At one stage in my youth, I thought of seeking a cadetship in the merchant marine.
I never followed up on it, but my love of ships and the sea has never waned. As I have said before I am ambivalent about cruise liners, but though I have no plan to take a cruise, I reluctantly concede that they are an imposing presence. Yesterday two of them were in Wellington, the Holland-America line’s Oosterdam, and the Dawn Princess, operated by Princess Cruises. Modern cruise ships are far too deep for the old Overseas Passenger Terminal (which is now an apartment complex anyway), so they berth at Aotea Quay in front of the container berths. It is a ten minute walk from there to the shops on Lambton Quay, or a 15 minute bus ride taking account of traffic lights.
Mary was in Napier overnight so I was at a loose end in the evening. Having checked Centreport’s web site, I saw that the Dawn Princess was due to leave at 7:30 pm. A golden opportunity presented itself to get some fish and chips and head out to Eastbourne to capture this evening departure. I was in place a good half hour early and watched other comings and goings. In this case, the Josephine Maersk, a 30,000 Tonne container ship capable of carrying just over 3,000 twenty-foot containers was inbound for a brief stop. I suspect that they were laterally separated, but that poor little local-market trawler looks as if it is being crowded. In the background, Jetstar flight JQ260 climbs out of Rongotai, bound for Auckland.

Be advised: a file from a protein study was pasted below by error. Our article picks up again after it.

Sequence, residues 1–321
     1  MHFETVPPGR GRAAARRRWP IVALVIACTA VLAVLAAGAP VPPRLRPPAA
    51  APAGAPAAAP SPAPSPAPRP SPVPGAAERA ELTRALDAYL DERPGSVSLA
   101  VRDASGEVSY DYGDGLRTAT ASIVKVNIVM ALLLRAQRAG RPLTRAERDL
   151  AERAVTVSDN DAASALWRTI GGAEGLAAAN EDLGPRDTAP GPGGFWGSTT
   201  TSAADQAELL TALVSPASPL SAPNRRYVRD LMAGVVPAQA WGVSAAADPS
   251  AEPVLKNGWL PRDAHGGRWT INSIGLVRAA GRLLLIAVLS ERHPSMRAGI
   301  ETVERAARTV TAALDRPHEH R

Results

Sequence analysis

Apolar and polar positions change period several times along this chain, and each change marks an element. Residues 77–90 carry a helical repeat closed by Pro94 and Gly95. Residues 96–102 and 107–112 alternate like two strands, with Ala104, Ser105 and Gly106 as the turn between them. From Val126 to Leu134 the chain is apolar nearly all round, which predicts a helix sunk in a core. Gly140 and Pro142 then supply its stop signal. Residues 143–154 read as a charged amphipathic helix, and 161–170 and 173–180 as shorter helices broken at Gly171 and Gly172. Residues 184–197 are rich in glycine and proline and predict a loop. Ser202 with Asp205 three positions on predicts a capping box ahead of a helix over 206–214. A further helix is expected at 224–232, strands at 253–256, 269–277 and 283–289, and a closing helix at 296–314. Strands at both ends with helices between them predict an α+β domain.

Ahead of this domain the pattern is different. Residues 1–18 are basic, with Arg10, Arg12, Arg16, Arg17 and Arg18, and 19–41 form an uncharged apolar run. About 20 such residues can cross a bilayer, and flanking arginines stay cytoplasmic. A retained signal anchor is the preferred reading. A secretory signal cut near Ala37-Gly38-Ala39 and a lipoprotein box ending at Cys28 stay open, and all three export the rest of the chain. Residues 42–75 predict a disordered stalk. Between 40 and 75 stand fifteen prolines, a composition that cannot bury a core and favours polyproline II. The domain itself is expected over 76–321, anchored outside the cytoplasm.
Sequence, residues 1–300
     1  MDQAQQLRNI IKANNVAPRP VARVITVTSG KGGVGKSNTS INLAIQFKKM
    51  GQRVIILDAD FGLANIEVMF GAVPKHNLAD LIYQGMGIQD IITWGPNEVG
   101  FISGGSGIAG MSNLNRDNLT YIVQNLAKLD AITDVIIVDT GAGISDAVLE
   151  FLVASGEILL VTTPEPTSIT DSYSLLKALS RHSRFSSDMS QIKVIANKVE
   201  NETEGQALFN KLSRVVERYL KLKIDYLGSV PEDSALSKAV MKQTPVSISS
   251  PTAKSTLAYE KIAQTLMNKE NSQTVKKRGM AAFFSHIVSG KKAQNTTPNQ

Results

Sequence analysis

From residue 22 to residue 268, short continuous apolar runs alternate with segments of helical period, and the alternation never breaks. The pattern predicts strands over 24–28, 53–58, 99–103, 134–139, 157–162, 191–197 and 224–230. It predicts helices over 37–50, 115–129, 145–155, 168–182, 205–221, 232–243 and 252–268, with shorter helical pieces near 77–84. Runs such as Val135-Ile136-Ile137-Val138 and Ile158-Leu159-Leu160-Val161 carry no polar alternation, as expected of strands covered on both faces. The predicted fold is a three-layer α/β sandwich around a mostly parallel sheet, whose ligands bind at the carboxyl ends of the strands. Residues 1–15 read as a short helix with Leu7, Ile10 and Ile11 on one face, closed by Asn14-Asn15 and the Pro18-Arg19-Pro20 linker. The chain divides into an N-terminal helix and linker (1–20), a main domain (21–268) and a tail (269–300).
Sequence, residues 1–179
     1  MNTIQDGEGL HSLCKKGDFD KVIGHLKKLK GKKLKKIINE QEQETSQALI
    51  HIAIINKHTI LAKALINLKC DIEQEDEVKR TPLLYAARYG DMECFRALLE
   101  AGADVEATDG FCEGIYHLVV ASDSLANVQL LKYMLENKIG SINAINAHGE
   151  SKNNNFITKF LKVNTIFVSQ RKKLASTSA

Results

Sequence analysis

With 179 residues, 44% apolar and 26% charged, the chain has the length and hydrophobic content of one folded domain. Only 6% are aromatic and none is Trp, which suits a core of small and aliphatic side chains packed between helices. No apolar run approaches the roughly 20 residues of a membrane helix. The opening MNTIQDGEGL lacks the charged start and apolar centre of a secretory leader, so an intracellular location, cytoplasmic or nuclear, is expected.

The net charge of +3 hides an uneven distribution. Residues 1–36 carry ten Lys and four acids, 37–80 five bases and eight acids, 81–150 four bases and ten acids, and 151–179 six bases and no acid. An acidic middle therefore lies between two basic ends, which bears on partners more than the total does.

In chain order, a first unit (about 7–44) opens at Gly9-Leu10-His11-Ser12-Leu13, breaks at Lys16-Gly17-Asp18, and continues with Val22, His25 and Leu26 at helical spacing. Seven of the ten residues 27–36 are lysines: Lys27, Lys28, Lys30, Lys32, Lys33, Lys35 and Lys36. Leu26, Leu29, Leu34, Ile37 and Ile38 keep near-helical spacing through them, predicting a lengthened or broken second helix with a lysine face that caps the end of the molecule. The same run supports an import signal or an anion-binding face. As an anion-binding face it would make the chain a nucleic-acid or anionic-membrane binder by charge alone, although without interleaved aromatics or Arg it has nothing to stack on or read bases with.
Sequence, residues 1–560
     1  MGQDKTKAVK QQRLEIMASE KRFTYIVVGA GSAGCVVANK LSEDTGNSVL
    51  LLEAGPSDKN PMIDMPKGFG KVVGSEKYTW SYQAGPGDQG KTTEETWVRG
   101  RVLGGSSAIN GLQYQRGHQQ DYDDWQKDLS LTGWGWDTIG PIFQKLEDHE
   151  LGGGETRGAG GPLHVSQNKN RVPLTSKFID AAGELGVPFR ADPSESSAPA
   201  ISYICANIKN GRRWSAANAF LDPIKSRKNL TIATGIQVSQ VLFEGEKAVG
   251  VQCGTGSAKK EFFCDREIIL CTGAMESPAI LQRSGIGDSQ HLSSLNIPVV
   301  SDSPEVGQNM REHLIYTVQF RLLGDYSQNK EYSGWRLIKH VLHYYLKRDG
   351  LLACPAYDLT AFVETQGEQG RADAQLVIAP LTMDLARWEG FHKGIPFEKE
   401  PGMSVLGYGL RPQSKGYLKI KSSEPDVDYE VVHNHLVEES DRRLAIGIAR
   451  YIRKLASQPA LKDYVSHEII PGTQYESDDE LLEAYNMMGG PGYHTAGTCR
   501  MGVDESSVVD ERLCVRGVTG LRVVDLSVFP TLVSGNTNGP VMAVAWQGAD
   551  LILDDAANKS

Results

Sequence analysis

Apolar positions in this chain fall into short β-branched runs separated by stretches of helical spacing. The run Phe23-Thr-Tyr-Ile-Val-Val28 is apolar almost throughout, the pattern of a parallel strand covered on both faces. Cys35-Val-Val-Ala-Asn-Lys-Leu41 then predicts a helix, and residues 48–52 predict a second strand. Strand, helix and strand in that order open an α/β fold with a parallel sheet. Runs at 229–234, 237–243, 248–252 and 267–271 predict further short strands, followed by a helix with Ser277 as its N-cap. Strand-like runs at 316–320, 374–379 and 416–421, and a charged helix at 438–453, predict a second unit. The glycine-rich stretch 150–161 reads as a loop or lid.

A few minutes after 7:30, the great bulk of the Dawn Princess (77,500 GT) materialized through the salt haze behind Pt Halswell and was very soon turning to head out through the heads. I was intrigued to see that there was a movie showing on the huge theatre-sized screen just ahead of the funnel. I guess the passengers were too jaded to appreciate the beauty of the landscape around them.
As she progressed down the channel, the dawn Princess was enveloped in a golden glow against the sun. I liked it.
That’s all for now.